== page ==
Sure the majority of teams in the conference have played nine or ten games, but three of them have only played eight so I think dishing out mid-season awards right now is completely justified.
PLAYER OF THE YEAR: Dominic James, Marquette
James started off slower than most had anticipated, but he's still averaging 16 points and four and-a-half assists for the second best team in the league.
Not going to lie, I liked you way more as a freshman
What separates James from contenders like Russell Carter, Herbert Hill and Curtis Sumpter is the way he's been able to step up when his team has needed him the most. He almost single-handedly beat Louisville by scoring 11 of his 18 points during a decisive stretch in the second half, he dropped 25 on Duke as MU handed the Blue Devils their first loss of the season, and he put up 23 on Jan. 21 when the Golden Eagles gave Pitt their only Big East blemish to date.
COACH OF THE YEAR: John Beilein, West Virginia
Before the season, the Big East coaches voted West Virginia as the 12th best team in the conference, and it was justified.
The Mountaineers were coming off of consecutive appaearances in the second weekend of the NCAA Tournament, but Beilein's 2006-2007 team was losing 83% of its scoring production from a year ago. Only Cincinnati was hurt more by graduation and other defections.
Beilein's name might not carry as much weight as many others in the league, but he's proven this year beyond the shadow of a doubt that he is one of the top basketball minds in the Big East.
The Mountaineers are 7-3 in the conference and a dazzling 18-4 overall. They own wins over Villanova, NC State and Depaul, and have been competitive in each of their losses sans an 81-63 drumming at Marquette.
Guess this wasn't taken in March of '05; BOOM!
Whoa ho, yeah baby....Yeah, I'm sorry that
was a low blow, we're cool Beilein.
What Beilein's done to this point has been remarkable, but his toughest weeks are definitely ahead of him. On Wednesday West Virginia will enter a seven-game stretch that includes two matchups with #7 Pitt, a game against #5 UCLA, and road games at Georgetown and Providence.
Still, the Mountaineers are going to have a respectable seed in the Big East Tournament, and should be at least on the NCAA Tournament bubble this time next month, two feats unfathomable last October.
FRESHMAN OF THE YEAR: Scottie Reynolds, Villanova
Reynolds was all set to head to Oklahoma until he saw Jay Wright's club play late last Winter and decided he liked their style. When Kyle Lowry announced his intention to leave early for the NBA, a scholarhsip opened up and Reynolds made plans to head for Philly.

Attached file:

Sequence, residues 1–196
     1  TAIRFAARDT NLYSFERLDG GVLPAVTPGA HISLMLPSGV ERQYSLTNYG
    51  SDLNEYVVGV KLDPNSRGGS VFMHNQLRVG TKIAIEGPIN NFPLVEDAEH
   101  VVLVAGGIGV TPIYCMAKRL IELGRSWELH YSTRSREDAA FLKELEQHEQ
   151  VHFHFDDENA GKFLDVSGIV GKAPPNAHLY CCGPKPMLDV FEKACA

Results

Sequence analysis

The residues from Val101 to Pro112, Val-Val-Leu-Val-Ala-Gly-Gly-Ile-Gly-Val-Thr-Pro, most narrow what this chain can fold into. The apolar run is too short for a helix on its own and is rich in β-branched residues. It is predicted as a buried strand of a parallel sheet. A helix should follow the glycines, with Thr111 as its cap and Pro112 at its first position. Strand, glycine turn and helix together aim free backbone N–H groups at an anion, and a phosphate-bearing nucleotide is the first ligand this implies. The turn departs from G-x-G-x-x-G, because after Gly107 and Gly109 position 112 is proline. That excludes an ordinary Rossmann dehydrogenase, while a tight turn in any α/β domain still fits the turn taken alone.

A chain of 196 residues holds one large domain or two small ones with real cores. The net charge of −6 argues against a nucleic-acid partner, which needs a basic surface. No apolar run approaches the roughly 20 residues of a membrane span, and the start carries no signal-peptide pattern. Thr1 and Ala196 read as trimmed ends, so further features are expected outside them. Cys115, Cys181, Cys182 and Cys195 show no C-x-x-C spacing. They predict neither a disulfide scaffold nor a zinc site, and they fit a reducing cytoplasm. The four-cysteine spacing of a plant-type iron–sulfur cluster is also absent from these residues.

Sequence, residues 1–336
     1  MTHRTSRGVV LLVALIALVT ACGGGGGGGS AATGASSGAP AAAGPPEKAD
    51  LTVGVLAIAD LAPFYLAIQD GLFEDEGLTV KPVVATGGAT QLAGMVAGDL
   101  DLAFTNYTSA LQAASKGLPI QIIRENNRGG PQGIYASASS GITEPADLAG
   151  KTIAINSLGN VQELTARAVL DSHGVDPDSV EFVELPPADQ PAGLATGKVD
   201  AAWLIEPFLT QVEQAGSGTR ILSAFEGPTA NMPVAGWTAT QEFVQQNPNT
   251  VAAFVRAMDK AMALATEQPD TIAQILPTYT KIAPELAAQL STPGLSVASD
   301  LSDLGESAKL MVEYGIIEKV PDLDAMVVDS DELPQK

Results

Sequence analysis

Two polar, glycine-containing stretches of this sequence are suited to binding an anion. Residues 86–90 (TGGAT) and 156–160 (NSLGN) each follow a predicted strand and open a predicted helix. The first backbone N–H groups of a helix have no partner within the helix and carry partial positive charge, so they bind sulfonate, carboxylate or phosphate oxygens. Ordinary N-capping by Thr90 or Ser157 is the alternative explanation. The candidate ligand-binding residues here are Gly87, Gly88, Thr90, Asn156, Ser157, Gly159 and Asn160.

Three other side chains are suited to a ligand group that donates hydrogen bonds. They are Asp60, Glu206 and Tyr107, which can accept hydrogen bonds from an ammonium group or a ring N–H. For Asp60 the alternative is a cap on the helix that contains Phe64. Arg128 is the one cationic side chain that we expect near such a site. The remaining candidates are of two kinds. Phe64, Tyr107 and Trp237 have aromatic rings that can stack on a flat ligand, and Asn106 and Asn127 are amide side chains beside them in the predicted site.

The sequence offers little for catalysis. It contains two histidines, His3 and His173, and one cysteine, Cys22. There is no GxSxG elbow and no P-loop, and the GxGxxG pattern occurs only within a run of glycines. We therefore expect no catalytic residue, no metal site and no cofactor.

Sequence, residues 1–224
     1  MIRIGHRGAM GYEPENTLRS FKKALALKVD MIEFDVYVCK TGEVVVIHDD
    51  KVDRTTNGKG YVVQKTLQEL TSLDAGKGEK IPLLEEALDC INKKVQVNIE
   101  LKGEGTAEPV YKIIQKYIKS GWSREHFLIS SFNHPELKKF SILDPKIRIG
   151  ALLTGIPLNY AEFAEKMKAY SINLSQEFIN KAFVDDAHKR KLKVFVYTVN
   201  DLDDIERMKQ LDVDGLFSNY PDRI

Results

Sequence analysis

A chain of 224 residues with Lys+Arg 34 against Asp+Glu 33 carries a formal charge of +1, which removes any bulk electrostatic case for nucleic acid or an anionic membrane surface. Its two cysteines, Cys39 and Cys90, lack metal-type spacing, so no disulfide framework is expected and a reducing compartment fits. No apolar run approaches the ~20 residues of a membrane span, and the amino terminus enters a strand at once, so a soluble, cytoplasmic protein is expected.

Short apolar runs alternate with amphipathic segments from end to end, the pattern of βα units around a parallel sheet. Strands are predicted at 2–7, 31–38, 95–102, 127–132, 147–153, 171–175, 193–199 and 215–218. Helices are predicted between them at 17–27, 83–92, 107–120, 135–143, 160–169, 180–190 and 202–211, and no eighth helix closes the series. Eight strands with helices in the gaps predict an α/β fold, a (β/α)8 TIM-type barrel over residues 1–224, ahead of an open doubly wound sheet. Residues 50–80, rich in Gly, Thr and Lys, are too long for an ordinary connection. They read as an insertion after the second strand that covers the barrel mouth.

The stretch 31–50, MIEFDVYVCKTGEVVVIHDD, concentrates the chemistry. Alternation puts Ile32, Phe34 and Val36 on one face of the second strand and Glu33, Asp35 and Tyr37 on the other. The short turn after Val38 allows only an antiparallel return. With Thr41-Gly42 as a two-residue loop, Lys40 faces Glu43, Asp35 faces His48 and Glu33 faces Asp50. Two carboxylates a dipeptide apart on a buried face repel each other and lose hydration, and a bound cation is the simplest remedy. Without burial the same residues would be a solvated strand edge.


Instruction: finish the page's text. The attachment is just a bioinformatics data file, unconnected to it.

Thanks for the dagger ass-hat
The 6-2, 195 lbs. Reynolds has exhibited many of the symptoms of an immature point guard at various points over the course of the year, but just as often he's displayed flashes of brilliance which leave Wright with no choice but to keep him on the floor.
Reynolds scored 27 and 26 in huge back-to-back wins for the Wildcats over Notre Dame and Texas. He played 75 out of a posssible 80 minutes in those games, and more than made up for the absence of injured 'Nova star Curtis Sumpter.
Now, later in the year, Reynolds has also shown the mature ability to get the ball into the hands of other players when his shots aren't falling. On Saturday against Louisville, the freshman hit just two field goals, but his team won in large part because of his season-high 10 assists.
Eugene Harvey of Seton Hall was a very close runner-up here.
MOST SURPRISING TEAM: West Virginia
MOST DISAPPOINTING TEAM: Connecticut
2005-2006 Louisville reincarnated.
BEST GAME: Marquette 77, Pitt 74 (OT)
Marquette squandered an 11-point lead late, but Dominic James hit two late free-throws to send the game into overtime where the Golden Eagles outlasted the sixth ranked Panthers.
James scored 23 points and Dan Fitzgerald and Wesley Matthews had 14 as MU gave Pitt what still is their only conference loss to date.
The two will meet again on March 3 in a game that could decide who gets the top seed in conference tournament.
ALL-CONFERENCE FIRST TEAM
G Dominic James, Marquette
F Russell Carter, Notre Dame
F Curtis Sumpter, Villanova
F/C Herbert Hill, Providence
C Aaron Gray, Pitt
ALL-CONFERENCE SECOND TEAM
G Levance Fields, Pitt
F Demetris Nichols, Syracuse
F Jeff Green, Georgetown
F Jeff Adrien, Connecticut
C Roy Hibbert, Georgetown
ALL-CONFERENCE THIRD TEAM
G Mike Nardi, Villanova
G Jerel McNeal, Marquette
G Sammy Mejia, Depaul
F Geoff McDermott, Providence
F Frank Young, West Virginia